Accountants and finance professionals must understand Intellectual Property (IP) issues to help their business clients, says ACCA and the Intellectual Property Office (IPO) in a new guide produced jointly by the two organisations.
Called “Intellectual Property and the Practising Accountant”, the report is a guide for accountants and finance professionals to help them get to grips with the nuances of IP, from trade marks to patents. It also includes a quiz at the end of the report, so readers can test their understanding of the issues.
The report says that for most businesses, intangible assets represent well over half of corporate value. Yet according to IPO research, over 96% SMEs have never tried to assess what their IP is worth.
John Davies, head of business law at ACCA (accaglobal.com), says: “Businesses survive by being good at what they do, and doing those things in original ways. But success inevitably leads to imitation, and at some point most small firms will need to take steps to safeguard their intellectual property. As accountants are the most frequently used source of business advice for small firms, they are uniquely placed to help their clients protect and exploit their intangible assets.”
Robin Webb, Innovation Director at the Intellectual Property Office says: “Intellectual property is often a hidden or under exploited asset, as many companies struggle to identify, manage and protect it. I believe that accountants who have a basic familiarity with IP will advantage both themselves and their clients by reading this report.”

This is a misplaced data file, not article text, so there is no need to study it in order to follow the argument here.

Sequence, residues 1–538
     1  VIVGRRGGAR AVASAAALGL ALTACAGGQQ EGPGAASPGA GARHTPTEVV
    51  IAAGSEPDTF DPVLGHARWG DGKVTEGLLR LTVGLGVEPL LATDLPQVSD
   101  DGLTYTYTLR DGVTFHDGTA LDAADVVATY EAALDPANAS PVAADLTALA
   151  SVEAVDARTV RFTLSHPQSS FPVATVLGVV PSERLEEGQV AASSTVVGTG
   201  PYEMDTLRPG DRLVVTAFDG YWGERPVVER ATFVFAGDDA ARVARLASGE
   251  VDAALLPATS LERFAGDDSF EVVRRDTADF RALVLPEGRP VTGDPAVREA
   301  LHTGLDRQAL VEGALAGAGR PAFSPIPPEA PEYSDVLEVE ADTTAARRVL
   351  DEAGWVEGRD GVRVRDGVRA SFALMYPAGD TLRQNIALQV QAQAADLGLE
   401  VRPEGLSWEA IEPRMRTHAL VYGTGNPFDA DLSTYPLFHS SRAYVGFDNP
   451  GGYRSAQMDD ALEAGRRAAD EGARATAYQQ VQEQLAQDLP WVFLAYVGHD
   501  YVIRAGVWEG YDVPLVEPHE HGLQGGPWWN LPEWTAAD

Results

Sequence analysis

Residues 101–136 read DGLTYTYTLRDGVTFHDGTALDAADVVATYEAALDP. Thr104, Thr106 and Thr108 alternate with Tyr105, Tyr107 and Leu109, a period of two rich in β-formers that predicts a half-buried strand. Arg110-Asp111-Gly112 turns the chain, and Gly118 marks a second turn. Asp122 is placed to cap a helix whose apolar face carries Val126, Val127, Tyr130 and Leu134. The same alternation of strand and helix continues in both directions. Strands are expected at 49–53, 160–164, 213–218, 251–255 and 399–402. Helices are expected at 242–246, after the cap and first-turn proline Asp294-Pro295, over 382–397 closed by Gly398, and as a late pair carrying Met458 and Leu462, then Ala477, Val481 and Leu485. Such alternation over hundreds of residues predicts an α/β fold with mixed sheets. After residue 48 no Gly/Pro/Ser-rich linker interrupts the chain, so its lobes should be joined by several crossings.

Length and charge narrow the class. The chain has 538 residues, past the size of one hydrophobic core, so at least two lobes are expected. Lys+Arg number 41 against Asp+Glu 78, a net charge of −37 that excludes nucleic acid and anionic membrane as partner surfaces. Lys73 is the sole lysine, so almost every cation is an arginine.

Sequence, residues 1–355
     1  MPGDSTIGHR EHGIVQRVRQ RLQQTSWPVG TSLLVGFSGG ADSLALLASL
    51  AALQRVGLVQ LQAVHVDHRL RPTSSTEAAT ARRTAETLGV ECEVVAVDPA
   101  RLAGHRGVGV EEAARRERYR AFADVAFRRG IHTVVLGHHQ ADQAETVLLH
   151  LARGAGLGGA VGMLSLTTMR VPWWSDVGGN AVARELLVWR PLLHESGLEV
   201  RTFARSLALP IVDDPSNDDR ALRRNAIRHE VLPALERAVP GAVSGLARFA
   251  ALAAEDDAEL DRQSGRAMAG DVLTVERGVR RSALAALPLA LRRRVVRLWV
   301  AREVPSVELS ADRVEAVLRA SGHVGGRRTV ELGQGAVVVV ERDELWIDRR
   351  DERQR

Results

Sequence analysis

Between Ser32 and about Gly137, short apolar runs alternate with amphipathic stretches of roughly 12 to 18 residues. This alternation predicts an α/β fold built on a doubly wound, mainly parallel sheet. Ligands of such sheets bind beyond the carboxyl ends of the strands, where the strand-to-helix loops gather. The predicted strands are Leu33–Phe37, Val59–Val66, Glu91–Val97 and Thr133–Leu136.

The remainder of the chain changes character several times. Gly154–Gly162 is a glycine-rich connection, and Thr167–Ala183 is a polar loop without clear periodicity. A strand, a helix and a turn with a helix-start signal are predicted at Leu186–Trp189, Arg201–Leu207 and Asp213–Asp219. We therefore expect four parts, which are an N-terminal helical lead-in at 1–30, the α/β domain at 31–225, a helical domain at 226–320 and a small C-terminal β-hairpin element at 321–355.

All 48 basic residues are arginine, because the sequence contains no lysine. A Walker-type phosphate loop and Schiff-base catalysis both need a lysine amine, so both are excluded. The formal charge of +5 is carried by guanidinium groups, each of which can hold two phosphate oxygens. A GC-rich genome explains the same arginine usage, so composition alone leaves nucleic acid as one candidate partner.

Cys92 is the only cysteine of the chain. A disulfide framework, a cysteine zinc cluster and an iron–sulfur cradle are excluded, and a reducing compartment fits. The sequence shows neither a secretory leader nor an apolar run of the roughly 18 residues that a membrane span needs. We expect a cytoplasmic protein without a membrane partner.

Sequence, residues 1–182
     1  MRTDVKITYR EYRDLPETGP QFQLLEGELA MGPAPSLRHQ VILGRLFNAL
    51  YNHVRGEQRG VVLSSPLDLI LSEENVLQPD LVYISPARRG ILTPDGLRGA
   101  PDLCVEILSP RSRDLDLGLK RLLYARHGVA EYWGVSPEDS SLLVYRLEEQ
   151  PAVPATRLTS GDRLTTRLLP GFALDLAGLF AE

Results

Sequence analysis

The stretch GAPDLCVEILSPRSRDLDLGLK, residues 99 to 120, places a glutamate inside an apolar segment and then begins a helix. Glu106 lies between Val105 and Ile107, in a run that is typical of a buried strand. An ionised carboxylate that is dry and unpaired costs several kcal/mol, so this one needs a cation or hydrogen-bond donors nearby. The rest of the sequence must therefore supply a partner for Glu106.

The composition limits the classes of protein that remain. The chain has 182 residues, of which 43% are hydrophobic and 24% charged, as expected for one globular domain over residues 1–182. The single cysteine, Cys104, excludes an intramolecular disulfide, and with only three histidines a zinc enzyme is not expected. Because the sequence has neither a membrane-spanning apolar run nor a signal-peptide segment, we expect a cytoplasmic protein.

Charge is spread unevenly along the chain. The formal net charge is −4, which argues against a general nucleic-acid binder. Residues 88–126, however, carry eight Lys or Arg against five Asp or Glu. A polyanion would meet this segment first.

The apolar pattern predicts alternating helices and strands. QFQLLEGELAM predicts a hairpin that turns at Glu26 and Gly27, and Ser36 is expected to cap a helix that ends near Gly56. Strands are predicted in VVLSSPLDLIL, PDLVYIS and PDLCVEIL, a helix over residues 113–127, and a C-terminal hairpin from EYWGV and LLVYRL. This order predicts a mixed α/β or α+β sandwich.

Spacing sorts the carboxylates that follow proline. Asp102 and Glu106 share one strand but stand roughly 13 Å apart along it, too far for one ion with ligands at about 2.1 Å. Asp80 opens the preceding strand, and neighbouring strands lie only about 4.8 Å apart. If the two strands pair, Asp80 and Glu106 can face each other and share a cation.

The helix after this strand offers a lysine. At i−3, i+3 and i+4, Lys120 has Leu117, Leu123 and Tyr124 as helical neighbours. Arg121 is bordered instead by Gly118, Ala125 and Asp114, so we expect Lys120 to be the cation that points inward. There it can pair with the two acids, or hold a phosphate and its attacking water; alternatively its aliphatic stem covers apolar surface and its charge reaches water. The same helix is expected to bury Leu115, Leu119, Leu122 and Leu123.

For firms, factoring IP into their business plan means understanding complex issues. For example, are UK trademarks valid in Europe? If a website is designed by a contractor, who owns the copyright? Neither is there any hard and fast way of quantifying IP; should it be the set-up cost of intangible assets, their market value, or their future worth which is costed?
“SMEs will likely have all sorts of questions,” concludes IPO’s Robin Webb.
“To gauge the full value of their IP and protect it accordingly, it is critical that their most trusted advisers are well-equipped to answer these queries.”
The report can be downloaded from ACCA’s website.